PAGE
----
Coming back to Chandni Chowk, you meet the Old and Famous Jalebiwala just before you enter Dariba Kalan. Refresh yourself with a delicious plate of hot jalebis - a sweet made by deepfrying batter in a kind of pretzel shape and then soaked in syrup. Also, don't miss the Jama Masjid area that buzzes with activity. The aroma of food wafts to your nose from the Urdu Bazaar facing Gate No. 1 of the Masjid and a side street called Matia Mahal. The smell of fresh fish, aromatic kebabs and fried chicken is in the air. Vendors sell kebabs and tikkas (made of buffalo meat) wrapped in rumali roti (paper-thin bread) at throwaway prices. The Mutton Burrahs here are easily the best in the city. They are practically the only place to serve Nihari and Paaya, which are all sold out by 8.30am Other unmissables are Stew, Mutton Korma, Shammi Kabab and Shahjahani Korma.

Ghantewala at Chandni Chowk is more than 200 years old. The sweets here are prepared in pure desi ghee. Highly recommended are the Sohan Halwa Papdi, Pista Samosa and Badam Burfi - truly sinful pieces of heaven on earth.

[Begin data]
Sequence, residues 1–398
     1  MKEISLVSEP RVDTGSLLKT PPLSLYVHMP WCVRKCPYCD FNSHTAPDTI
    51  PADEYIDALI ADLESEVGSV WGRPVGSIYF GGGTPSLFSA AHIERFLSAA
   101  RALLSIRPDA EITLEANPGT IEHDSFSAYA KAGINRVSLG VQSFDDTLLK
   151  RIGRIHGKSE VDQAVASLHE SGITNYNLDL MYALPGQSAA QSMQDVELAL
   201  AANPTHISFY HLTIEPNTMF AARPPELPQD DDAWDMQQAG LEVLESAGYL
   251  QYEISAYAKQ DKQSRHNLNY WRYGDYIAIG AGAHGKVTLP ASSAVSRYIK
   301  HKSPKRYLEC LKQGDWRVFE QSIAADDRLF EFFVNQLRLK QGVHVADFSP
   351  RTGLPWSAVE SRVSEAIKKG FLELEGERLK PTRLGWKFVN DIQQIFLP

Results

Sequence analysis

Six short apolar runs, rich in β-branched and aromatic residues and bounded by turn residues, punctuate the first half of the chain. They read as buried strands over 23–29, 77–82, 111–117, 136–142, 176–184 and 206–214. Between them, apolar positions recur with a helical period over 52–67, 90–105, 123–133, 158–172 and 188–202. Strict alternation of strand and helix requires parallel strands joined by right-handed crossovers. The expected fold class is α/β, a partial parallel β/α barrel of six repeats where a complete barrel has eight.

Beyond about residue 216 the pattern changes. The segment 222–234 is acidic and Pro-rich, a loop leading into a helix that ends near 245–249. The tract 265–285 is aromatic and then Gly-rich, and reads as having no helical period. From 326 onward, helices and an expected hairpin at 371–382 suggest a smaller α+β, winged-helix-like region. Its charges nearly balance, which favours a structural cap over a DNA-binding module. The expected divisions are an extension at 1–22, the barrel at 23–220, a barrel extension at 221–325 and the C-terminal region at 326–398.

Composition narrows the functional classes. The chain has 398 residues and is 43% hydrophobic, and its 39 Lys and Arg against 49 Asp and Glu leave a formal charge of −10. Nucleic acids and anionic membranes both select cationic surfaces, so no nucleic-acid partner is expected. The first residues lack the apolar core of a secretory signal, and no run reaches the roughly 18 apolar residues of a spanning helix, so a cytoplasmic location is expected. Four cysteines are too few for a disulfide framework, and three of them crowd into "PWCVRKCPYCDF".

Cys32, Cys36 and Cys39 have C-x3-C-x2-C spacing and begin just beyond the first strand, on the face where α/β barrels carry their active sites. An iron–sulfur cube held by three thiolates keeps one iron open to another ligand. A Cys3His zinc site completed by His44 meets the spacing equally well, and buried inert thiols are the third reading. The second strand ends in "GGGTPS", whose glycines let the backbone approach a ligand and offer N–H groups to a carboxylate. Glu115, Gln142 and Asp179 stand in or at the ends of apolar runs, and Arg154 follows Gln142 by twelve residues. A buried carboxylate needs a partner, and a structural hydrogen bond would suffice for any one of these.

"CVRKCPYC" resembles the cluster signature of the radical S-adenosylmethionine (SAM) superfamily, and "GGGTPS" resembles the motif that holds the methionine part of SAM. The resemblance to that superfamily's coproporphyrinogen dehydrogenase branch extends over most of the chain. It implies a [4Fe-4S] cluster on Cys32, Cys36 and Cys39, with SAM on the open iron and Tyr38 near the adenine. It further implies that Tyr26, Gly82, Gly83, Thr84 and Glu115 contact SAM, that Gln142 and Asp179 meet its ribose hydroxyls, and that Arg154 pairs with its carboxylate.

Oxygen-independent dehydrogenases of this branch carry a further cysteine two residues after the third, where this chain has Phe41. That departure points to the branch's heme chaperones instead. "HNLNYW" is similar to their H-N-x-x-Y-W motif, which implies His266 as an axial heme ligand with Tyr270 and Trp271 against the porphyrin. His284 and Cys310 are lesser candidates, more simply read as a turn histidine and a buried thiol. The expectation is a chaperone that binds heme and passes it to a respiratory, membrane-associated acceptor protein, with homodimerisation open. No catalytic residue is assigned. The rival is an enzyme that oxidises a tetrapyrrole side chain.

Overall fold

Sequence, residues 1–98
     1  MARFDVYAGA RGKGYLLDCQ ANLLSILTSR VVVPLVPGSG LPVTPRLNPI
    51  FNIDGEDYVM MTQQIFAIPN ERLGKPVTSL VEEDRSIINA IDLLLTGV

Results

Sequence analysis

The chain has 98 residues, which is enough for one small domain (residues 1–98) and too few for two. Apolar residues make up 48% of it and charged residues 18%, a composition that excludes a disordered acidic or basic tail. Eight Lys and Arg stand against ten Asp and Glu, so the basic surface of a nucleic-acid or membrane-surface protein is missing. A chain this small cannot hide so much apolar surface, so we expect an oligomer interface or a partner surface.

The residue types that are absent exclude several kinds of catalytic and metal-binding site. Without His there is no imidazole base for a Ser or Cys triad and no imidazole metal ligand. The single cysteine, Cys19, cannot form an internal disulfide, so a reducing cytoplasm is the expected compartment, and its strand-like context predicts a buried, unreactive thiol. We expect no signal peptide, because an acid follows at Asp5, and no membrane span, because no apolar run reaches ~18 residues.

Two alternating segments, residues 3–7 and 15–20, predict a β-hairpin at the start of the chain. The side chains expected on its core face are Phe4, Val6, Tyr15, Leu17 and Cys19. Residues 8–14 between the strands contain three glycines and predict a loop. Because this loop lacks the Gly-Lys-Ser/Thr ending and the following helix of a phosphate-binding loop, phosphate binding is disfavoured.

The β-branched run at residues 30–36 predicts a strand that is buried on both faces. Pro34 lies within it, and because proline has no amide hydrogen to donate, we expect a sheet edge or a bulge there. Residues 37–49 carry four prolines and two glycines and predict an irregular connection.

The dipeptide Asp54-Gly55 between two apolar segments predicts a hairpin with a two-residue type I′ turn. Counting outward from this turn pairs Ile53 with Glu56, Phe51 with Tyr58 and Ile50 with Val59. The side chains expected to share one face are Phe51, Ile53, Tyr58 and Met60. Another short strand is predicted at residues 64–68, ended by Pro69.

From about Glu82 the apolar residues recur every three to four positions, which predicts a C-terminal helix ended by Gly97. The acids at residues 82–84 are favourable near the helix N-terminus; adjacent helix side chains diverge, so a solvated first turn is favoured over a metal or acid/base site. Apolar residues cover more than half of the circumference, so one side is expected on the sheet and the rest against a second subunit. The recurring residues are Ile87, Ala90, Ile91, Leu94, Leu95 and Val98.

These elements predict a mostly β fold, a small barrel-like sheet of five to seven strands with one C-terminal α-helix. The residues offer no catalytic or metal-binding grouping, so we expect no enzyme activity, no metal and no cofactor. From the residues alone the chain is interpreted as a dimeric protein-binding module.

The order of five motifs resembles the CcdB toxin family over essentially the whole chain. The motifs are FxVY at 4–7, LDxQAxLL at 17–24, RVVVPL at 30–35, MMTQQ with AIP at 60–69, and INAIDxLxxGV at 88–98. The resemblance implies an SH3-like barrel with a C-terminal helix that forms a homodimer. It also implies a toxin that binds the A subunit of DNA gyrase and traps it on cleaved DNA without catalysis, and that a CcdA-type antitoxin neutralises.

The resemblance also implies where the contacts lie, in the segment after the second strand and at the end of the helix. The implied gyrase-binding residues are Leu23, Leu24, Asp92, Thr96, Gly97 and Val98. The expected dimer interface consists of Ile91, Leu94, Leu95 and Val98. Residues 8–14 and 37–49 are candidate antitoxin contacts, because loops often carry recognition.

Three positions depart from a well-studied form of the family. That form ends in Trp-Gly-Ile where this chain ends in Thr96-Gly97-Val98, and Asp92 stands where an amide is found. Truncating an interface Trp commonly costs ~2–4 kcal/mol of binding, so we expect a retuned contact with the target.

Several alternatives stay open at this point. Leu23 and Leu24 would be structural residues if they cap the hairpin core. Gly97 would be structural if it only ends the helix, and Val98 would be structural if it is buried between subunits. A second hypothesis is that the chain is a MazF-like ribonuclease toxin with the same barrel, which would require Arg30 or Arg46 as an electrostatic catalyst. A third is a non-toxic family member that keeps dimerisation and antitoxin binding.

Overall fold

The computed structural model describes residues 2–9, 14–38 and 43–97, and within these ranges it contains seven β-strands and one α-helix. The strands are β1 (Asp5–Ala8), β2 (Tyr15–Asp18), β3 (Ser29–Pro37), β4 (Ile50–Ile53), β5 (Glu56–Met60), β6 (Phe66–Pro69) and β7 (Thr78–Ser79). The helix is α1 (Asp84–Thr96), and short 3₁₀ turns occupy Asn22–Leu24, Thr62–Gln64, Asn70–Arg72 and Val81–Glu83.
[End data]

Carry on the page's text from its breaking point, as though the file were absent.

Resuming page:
Delhi's only tea boutique worth its name, this place bursts with atmosphere. Midway between New and Old Delhi, tourists in the know and locals in search of that magical cuppa beat a retreat to this store-cum-drawing room. Even if tea is not your thing, you can pick up gifts for friends. Even though it has distinctly frayed at the edges, the restaurant offers the cuisine it truly pioneered in the city - Dal Makhni, Butter Chicken, Reshmi Kabab, Murgh Musallam. After all these years, the Tandoori Chicken is still succulent. Chor Bizarre is one of the few restaurants to serve Kashmiri food and attempts to replicate a 'thieves market' in its decor. Specially recommended for non-vegetarians is the Tabak Maaz. Also good are the Yakhni, Rishta and Goshtaba, besides the wonderful greens - Haaq.